Written by: James Markham, Research Engineer, Southwest Environmental Finance Center

Does your utility use “% of supply” metrics for real water loss tracking?  Although the American Water Works Association (AWWA) recommends that utility real loss be evaluated using unit loss Key Performance Indicators (KPIs) measured in gal/conn/daygal/mile/day and $/conn/year  many utilities continue to focus on “% of supply” metrics. But while “% of supply” real water loss KPIs and targets are relatively easy to calculate, they can in some cases give a utility, a board member, or a regulator a skewed perception of system losses and the impact of its conservation and real loss reduction efforts. This is particularly an issue when the utility has low or declining consumption, possibly due to declining population, conservation efforts, or having reached its lowest practically attainable real loss level.


Case Study: Second home community

The Southwest Environmental Finance Center recently worked with a small utility with a Consumptive Use Permit that contains a “10% of supply” real loss target.  The system works hard to quickly repair leaks. Its most recent water audit showed unit real losses of 31.3 gal/conn/day, which is below the US median for this audit KPI. But in % of supply terms, real losses are over 30% — nowhere near the permit real loss target.

How can this be, you ask? Although the utility does have a real loss problem (non-surfacing leaks are particularly hard to find due to topography), the major contributing factor to not meeting the permit loss target is community occupancy. The utility serves a vacation and second home community with an estimated 30% constant occupancy rate. As a result, the utility’s per capita consumption is only 56 gallons/person/day (GPD) – just over half of its state’s consumption target of 110 GPD.  If this utility had full time residency, customer consumption met the state’s 110 GDP target, and production were increased to cover the higher demand, the real loss as % of supply would drop to 8% (well within permit requirements) while the unit losses remained the same.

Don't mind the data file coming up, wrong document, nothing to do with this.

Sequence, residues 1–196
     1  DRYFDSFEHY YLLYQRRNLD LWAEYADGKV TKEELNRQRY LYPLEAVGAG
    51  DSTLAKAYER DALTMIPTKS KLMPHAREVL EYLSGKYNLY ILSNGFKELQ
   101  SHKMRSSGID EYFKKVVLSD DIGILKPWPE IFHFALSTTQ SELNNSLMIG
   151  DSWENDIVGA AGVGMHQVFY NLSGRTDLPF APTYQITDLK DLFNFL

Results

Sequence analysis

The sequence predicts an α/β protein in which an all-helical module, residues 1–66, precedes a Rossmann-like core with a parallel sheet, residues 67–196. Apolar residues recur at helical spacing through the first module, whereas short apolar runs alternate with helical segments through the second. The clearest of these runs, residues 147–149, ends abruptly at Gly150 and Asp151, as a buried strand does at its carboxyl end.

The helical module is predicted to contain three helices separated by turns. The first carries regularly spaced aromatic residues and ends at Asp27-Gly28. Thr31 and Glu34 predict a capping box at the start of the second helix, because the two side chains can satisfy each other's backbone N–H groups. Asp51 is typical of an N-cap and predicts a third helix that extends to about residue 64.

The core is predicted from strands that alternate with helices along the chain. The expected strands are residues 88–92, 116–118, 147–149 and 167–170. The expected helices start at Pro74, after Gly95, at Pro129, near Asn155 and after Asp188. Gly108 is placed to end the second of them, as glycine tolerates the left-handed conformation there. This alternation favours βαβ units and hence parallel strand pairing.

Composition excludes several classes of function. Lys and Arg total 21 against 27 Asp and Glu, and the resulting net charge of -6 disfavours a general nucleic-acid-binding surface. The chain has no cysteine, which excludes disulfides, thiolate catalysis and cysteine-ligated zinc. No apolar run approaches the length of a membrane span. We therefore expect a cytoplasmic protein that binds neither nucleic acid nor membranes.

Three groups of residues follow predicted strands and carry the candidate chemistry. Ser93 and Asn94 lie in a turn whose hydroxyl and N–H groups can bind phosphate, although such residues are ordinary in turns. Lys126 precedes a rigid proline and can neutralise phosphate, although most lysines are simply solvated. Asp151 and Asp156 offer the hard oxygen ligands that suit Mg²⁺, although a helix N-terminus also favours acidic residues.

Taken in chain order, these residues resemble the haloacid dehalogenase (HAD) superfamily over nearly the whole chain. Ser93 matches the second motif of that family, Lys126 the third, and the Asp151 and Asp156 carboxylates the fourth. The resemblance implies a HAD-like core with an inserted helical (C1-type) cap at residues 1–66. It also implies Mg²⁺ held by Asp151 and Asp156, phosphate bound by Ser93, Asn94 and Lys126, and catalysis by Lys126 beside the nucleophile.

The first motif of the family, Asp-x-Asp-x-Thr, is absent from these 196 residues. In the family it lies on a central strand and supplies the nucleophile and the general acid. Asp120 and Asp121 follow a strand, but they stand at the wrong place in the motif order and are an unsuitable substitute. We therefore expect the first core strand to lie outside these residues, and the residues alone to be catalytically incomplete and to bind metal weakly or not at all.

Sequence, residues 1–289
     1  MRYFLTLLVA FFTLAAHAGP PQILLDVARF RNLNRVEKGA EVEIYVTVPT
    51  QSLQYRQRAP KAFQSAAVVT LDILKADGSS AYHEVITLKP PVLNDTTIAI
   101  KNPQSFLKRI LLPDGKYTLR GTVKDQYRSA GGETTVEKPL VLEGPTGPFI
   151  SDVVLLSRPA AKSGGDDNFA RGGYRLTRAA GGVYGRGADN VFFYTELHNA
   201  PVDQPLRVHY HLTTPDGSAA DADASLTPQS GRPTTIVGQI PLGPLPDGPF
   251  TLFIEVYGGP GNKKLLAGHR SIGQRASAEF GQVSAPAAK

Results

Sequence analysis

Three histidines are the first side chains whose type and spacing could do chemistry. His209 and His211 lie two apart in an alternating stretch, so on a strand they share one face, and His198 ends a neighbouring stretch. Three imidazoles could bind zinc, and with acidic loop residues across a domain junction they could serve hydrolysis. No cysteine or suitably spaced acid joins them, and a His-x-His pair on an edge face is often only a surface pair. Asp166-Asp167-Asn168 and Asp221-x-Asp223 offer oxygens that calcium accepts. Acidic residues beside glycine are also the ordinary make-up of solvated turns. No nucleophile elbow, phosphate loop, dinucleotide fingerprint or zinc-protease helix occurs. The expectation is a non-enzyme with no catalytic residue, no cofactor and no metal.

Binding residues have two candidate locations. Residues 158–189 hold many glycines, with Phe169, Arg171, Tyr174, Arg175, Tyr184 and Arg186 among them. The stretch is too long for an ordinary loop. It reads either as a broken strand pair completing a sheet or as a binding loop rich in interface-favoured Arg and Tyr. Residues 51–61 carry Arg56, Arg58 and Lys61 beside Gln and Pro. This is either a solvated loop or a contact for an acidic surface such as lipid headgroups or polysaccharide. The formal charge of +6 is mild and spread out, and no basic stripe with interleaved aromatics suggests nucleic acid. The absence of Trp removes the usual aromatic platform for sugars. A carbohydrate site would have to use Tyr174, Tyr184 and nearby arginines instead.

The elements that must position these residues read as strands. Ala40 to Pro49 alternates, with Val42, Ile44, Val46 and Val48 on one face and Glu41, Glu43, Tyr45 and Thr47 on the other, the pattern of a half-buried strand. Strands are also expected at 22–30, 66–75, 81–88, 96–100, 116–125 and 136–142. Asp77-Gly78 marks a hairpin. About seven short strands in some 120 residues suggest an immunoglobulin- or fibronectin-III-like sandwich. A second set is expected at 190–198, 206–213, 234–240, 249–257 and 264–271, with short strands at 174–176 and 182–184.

Effects on customer water conservation

It isn’t difficult to see that a similarly leaky system with near 100% occupancy would have no trouble meeting its consumption permit obligations. So, while the system we’re working with is highly incentivized to further reduce real losses, a similarly leaky system, with 100% occupancy that actually extracts more ground water, would not be. In our utility’s case the permit water loss target actually disincentivizes promoting consumer conservation because reductions in consumer consumption, while resulting in less groundwater being extracted (a good outcome), would make the utility’s loss as a % of supply numbers look even worse (a bad outcome for the utility). In fact, one (ill-advised) way of getting closer to the permit target would be encouraging customers to use more water, because doing so would increase consumption as % of supply and thereby decrease the % of supply that real losses makes up.

While the community we are working with is made up primarily of vacation and second homes, similar impacts could happen in any community

  • where consumption is atypically low
  • that is losing population, or
  • that has aggressive customer water conservation programs in place.

Even using best practices, a system is likely to only be able to reduce its real loss to a relatively constant volume. After that point any reduction in consumption will necessarily increase loss as a “% of supply” because real loss will stay constant, giving the impression that the utility losses are increasing. But if the utility measures unit real losses (such as gal/conn/day), the utility would see that their production and consumption decreased, and that unit real losses remained the same – a much more useful and accurate assessment of their performance.

The verdict: Unit KPIs better than “% of supply”

This of course doesn’t mean that conservation efforts, or water loss control reduction should be selectively pursued in order to game water permit requirements. What it means is that “% of supply” loss KPIs aren’t particularly useful. Unit KPIs give a clearer picture of losses and the impact of conservation and loss control efforts than % of supply metrics do. That clarity can be particularly important when conservation and water loss control data is shared with community and board members who may not be water professionals and may not understand the dynamic relationships between production, consumption, conservation and real loss.